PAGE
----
Cannabis is still considered a Schedule 1 drug by the federal government and can still be subject to random drug testing. Employers can create policies that exclude people who test positive for marijuana use, even if they are good workers. This is a problem because marijuana has been shown to help people with some mental health problems, including anxiety and depression. But not everyone who tries marijuana will become addicted, which creates a serious dilemma for employers.
However, despite popular belief, employers can still prohibit employees from using marijuana at work. Employers may also prohibit employees from attending work while impaired for a number of reasons.
How Does Marijuana Use Impact Job Safety?
Marijuana is actually an interesting topic because there is a lot of debate about the effects it has on the body and whether or not it is safe for individuals to do it at work. There are many studies that claim marijuana use has a negative effect on job safety, but others claim that the use of marijuana does not affect job safety at all. A recent study claims that the use of marijuana actually has a negative impact on job safety, but a new study claims that marijuana does not affect job safety at all.
In a nutshell, the use of marijuana can create a significant impact on the job. For example, when people use marijuana, they are at greater risk of making more mistakes; they also experience a decrease in physical and cognitive efficiency, which can lead to injury. However, statistics show that marijuana users have a smaller risk of being involved in fatal accidents on the job.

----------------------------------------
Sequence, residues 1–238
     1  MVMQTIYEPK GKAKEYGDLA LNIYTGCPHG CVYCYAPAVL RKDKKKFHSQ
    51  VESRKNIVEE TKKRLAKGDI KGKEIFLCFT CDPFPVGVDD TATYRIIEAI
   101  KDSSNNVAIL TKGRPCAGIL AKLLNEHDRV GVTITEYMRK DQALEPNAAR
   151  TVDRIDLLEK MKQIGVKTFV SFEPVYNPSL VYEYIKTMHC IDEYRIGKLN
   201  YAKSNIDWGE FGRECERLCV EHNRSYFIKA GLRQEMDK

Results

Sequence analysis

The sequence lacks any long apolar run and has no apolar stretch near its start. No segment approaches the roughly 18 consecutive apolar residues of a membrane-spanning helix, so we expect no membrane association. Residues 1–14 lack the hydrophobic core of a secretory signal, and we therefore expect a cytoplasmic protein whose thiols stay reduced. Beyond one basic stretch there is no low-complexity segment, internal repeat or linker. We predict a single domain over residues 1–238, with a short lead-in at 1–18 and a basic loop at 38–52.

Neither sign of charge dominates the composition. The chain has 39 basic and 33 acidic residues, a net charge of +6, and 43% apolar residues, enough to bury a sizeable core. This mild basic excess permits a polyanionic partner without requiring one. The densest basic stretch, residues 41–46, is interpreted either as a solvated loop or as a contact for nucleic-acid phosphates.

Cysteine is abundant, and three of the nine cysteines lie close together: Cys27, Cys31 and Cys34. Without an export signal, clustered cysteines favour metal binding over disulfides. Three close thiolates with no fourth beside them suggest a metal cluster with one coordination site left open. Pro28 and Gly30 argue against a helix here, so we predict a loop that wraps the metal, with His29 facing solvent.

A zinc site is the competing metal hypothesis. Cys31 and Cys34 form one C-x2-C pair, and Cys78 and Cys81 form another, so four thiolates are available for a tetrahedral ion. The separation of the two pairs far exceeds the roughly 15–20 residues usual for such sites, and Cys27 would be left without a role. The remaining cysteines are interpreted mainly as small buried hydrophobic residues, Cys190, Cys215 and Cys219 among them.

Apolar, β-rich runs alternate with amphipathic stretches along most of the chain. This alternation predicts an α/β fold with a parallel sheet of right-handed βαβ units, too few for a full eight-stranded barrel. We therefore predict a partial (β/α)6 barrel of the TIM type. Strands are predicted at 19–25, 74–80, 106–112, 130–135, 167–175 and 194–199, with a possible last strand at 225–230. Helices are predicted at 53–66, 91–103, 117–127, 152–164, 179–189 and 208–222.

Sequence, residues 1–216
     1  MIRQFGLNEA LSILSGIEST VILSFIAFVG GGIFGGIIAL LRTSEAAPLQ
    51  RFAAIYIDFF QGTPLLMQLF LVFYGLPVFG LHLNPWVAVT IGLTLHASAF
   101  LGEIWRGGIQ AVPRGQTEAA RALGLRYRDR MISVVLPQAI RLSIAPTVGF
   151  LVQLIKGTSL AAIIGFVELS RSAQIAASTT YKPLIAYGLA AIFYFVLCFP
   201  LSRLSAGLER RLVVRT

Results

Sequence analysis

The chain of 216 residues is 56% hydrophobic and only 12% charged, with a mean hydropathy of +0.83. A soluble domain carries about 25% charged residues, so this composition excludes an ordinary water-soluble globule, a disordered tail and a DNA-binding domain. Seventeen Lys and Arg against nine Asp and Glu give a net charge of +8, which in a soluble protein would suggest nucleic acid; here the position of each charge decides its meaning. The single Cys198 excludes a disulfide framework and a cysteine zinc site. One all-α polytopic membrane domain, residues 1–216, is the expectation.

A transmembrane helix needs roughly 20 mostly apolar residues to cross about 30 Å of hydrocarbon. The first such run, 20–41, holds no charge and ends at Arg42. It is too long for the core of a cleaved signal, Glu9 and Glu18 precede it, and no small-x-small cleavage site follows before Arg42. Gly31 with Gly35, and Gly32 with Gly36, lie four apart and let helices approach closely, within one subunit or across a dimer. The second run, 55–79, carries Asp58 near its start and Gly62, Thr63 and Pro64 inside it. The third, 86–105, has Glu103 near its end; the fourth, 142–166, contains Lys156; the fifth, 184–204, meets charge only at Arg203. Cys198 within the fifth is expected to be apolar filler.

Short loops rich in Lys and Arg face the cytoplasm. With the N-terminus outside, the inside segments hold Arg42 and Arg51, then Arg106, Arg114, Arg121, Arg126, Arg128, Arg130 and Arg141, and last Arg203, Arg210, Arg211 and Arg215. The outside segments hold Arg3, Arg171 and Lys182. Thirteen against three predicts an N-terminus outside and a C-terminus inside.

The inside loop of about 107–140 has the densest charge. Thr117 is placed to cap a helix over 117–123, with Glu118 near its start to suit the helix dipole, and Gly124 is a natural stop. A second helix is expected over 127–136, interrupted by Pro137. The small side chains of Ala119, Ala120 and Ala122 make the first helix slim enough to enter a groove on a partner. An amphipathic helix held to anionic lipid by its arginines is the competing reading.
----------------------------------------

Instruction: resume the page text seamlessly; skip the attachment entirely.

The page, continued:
According to the National Institute on Drug Abuse, workers who tested positive for the consumption of marijuana had 55% more industrial accidents, 75% greater absenteeism, and 85% more injuries compared to those who tested negative. Additionally, the impacting the bottom line are:
- Increased employee compensation and unemployment compensation claims
- Decreased productivity
- High turnover
The employment landscape around marijuana is changing quickly as states allow for legal recreational use and others consider the issue. Although a majority of states have passed laws allowing for legal medical marijuana use, the federal government still views marijuana as a Schedule I drug, which means it has no accepted medical uses and a high potential for abuse. This classification has created a difficult environment for the marijuana industry and employers.
Marijuana use is on the rise and it is important to note that it may affect your job performance. Employers should form the right policies and train their workers on the effects of marijuana use to ensure that they stay safe on the job. Since marijuana is illegal in most states, employers should also keep a check on transactions involving marijuana. They should also keep a check on the behavior of their workers and make sure they are not impaired while they are working.
Attend the Compliance Prime webinar to learn more about the laws related to marijuana in the workplace.